During his time at William and Mary, Kennedy said he developed a passion for studying the interactions between religious groups in the Middle East. He is more broadly interested in ideas of social justice and positive change and would one day like to live and study in the Middle East’s Levant region. Although he is not sure what he’ll do after he earns his master’s degrees, he said that, in the context of a post-9/11 world, he wants to make a positive contribution to American foreign policy in the Middle East.
“Usually, it’s thought about in the context of fighting terrorism,” he said. “For me it’s not only that, but it’s also an idea of understanding a language and a culture and a people, making sure that they’re not essentialized, that there’s a nuanced understanding of what the Middle East is like, and a human element to know that they’re not that different from us as one might imagine, and being able to have an informed, rational idea of how to formulate U.S. policy in the Middle East.”
Kennedy is the College's third Marshall Scholar. Alumni John Pagan ('73) and Danielle Sepulveda ('93) also received scholarships under the program. In addition to alumni, the College also has three Marshall Scholars on its faculty. They include Angela Banks, assistant professor of law; Rowan Lockwood, associate professor of geology; and Debra Shulman, instructor of government.
Shulman, who studied at Oxford University on her scholarship, participated in a mock interview with Kennedy to help him prepare for his Marshall interview.
“As a fellow Middle East specialist, I can attest to Judd's impressive knowledge of contemporary politics, as well as his thoughtfulness in approaching contentious questions of U.S. policy toward the region,” she said. “I am thrilled that Judd has been awarded a Marshall Scholarship.”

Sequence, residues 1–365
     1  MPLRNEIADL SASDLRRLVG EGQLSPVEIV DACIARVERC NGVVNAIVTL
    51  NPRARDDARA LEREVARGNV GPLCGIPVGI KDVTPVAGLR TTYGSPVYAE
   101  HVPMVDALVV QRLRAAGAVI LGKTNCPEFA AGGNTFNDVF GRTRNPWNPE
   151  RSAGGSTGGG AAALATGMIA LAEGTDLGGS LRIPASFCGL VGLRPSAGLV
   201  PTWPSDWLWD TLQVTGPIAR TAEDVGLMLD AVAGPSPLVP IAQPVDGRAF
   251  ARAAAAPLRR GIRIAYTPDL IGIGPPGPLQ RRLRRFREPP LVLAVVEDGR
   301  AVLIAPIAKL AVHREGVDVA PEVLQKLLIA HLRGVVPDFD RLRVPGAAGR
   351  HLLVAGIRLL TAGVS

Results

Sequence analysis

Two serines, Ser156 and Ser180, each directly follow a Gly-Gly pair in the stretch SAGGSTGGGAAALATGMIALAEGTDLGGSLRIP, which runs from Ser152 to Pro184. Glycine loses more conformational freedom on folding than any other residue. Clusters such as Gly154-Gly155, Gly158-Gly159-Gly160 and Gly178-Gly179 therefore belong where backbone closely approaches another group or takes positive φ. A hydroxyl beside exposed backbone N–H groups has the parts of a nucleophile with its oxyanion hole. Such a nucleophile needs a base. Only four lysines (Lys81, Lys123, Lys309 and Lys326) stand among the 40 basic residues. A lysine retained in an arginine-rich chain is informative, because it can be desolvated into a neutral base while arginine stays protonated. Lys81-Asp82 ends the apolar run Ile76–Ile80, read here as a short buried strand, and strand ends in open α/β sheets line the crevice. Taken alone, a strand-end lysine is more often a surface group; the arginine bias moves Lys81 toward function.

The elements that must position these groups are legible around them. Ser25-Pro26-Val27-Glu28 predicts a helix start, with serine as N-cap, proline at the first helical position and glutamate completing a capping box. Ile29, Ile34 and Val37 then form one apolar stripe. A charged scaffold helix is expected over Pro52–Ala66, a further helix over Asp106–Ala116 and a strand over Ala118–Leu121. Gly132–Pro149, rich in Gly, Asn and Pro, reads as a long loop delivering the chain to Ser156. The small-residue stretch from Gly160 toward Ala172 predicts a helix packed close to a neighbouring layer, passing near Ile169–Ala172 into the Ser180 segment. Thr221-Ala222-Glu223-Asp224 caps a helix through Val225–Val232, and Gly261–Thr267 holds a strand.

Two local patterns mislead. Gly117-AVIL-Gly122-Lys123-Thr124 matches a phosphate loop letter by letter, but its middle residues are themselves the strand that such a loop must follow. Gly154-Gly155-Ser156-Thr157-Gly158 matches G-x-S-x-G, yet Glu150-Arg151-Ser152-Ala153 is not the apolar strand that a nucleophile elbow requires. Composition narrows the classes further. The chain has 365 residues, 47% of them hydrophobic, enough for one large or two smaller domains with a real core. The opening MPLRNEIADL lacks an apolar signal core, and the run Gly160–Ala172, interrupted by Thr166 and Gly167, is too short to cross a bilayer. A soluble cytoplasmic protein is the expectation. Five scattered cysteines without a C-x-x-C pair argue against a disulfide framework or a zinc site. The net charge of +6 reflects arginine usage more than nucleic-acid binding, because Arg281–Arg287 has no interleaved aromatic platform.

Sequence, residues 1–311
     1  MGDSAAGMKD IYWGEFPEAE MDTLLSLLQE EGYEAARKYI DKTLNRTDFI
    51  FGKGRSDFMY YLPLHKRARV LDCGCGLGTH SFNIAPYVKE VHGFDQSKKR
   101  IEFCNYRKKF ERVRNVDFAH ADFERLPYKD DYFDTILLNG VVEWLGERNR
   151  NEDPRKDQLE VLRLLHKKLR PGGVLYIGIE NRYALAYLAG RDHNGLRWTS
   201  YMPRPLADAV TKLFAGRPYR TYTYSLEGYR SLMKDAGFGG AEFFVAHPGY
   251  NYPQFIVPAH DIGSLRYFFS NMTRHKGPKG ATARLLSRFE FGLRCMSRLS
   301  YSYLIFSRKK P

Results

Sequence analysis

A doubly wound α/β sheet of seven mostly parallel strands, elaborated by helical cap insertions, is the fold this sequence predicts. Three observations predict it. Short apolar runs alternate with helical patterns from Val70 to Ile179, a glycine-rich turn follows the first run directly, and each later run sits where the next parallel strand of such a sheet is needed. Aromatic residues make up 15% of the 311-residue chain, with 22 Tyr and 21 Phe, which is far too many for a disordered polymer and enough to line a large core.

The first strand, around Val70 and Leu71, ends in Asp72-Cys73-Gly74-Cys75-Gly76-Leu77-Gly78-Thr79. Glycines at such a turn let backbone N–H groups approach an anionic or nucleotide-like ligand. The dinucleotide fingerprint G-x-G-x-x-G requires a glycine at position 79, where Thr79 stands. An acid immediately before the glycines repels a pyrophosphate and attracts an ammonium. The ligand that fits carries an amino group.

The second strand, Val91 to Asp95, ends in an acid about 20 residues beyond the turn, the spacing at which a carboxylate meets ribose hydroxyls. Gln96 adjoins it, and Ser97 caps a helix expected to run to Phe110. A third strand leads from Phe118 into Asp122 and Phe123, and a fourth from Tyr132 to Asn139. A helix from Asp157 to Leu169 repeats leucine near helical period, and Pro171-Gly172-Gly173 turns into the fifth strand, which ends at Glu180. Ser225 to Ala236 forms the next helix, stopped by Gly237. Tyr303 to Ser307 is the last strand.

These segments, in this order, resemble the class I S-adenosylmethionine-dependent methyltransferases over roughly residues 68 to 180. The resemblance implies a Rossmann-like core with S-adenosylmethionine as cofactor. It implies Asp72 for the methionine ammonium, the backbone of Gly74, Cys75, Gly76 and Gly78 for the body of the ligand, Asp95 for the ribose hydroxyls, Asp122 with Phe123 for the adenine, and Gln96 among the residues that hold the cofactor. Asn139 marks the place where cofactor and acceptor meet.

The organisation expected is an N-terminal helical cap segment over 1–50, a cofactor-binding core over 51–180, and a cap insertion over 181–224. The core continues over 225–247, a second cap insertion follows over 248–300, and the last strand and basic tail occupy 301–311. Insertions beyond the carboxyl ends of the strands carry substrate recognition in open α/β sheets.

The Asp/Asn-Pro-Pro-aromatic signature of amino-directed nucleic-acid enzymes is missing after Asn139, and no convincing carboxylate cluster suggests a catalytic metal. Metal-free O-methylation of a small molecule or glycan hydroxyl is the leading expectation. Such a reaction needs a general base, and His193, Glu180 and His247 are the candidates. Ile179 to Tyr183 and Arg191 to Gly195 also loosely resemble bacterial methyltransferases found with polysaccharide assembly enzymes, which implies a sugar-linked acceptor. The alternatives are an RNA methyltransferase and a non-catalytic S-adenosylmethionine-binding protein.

Dr. Ray Raymond, chairman of the New York Marshall committee, said that he was profoundly impressed with Kennedy.
"Judd Kennedy is an exceptional young Arabist. We are thrilled to have this brilliant future diplomat as a Marshall Scholar,” he said. “His passionate commitment to public service and to the cause of Middle East peace is truly inspiring. Judd has that rare combination of academic and personal excellence, ability, grace, modesty and maturity.”
Since the program’s inception, about 1,500 American men and women have used the scholarships to study in more than 44 different universities in England, Scotland, Wales and Northern Ireland. Currently, 40 scholarships are awarded per year.
Notable past recipients include Bruce Babbitt, who went on to become governor of Arizona and U.S. Secretary of the Interior for President Bill Clinton; Stephen Breyer, who has been an associate justice of the U.S. Supreme Court since 1994; and Thomas Friedman, a multiple Pulitzer Prize-winning author, journalist and columnist for The New York Times.
Kennedy will leave for England in September. Both the College and the Marshall Scholarship committee members look forward to what he will accomplish next.
“Judd simply sparkles. He will be a compassionate diplomat in the humane tradition of George C. Marshall. His potential is limitless,” said Raymond.